Which small or midsize SUVs have a column-mounted shifter?
Be inspired. Great selection. Our instinct is to catch the baby.
Drop the old ones into their holes. This life is a Viking funeral.
Like speeches made by law into public address systems that render the words
True of every platform. The railroad rides upon us.
The appearance of full-stops serves the appearance of rhetoric.
An argument in 1934. Young men are so young.
The appearance of caesuras serve the appearance of violent birth
Subdued to softer adverbs. Mechanically. Psychometrically.
Pastoral a function of our language. Groves are generative grammar.
The trees of truth cut down. “Tree in the ear,” Wunderbaum.
Inverted tree of an underwater oil surge.
Its roots come grasping for us.
And all tomorrows surfacing.
Let prose handle the inwardness that personal history sells
Let the poem spiral outward like the Kraken in secret thunderdome with Leviathan
Pulling the unread and unseen into mutual unequal struggle
Game of the corporate state hides the identity of the barons
Preaching to monster trucks to pine cones to stacks of burning children’s books
Listening respectfully to their own beards the powerful uneducated persons
The fire lines are racing which will be first to reach the goal
The end of every burning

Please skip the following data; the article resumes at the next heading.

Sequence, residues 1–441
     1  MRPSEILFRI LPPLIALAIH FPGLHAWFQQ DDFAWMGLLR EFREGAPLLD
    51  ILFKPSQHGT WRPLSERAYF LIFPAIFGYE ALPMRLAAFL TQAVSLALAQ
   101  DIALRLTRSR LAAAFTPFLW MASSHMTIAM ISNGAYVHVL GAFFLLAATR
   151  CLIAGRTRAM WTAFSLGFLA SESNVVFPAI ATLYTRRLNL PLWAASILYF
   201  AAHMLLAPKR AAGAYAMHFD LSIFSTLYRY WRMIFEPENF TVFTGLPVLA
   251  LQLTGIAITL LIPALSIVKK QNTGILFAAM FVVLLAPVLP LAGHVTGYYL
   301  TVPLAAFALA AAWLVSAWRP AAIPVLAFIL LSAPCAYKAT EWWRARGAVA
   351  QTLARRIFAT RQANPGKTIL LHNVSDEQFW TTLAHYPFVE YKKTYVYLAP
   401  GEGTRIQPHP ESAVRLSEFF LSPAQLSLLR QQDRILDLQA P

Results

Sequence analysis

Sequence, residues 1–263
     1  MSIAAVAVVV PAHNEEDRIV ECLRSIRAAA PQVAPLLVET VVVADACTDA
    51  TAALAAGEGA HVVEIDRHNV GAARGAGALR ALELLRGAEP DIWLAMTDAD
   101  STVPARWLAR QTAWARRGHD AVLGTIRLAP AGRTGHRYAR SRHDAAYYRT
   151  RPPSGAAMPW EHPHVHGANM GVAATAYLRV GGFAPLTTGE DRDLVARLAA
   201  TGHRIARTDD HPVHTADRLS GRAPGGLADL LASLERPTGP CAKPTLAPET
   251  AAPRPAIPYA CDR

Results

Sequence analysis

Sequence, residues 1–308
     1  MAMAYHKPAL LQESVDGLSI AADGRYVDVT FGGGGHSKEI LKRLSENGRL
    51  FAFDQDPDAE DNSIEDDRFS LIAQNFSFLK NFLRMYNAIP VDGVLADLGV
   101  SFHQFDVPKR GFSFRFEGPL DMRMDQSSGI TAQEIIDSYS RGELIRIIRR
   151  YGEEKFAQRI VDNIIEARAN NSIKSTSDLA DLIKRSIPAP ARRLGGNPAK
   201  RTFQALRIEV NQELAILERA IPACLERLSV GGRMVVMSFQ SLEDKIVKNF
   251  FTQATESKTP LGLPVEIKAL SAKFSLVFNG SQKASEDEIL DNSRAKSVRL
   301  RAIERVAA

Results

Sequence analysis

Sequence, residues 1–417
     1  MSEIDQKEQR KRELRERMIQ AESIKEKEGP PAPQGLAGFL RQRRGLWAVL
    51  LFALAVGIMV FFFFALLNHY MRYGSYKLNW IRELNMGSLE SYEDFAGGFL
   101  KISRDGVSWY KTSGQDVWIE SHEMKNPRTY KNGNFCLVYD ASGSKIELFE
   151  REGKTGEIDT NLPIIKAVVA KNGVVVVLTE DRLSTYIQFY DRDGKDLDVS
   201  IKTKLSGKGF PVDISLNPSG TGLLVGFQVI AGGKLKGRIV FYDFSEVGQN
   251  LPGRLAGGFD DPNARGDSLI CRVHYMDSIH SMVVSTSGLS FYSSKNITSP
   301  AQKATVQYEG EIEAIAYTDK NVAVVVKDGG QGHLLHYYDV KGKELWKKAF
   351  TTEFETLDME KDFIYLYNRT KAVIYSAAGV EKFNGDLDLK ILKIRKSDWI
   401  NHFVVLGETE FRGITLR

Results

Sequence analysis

“a man who wails is not a dancing bear”
And a dancing bear isn’t a bear and it isn’t dancing
It’s an it for our fascinated contemplation layers of years like Band-Aids
Now and of an age that surpasses ours in cruelty
Since cruelty requires attention that endangered natural resource
The bear in its Elizabethan ruff its fur and privates torn by pit bulls
Baited on its hind legs beats its chest with claws for the spectators
Who stand in a ring, backs turned
I like to go to the game and listen to it on the radio
I like to be larger than life and vanish on your retina screen
Seeing is material and being seen is spiritual
The more you walk the streets invisibly the closer you are to death
Rich reality of death foaming in bones and capillaries
Death shining at a millimeter’s distance from every moment of skin
I think I’ll buy a malted for the writers in Ghana these days
No one is deader than the reader more material sunk in aliveness
The barons are angels shining their bodies themselves are halos
Eyes uplifted to live feeds tracking the movements of material witnesses
Listening to “John Wayne Gacy Jr.” I am really just like him
If homicidal homosexual clown isn’t an orientation oh my god
I am not a baron maybe a little bit baronet
It’s my pleasure to serve the oligarchy by not mentioning it too often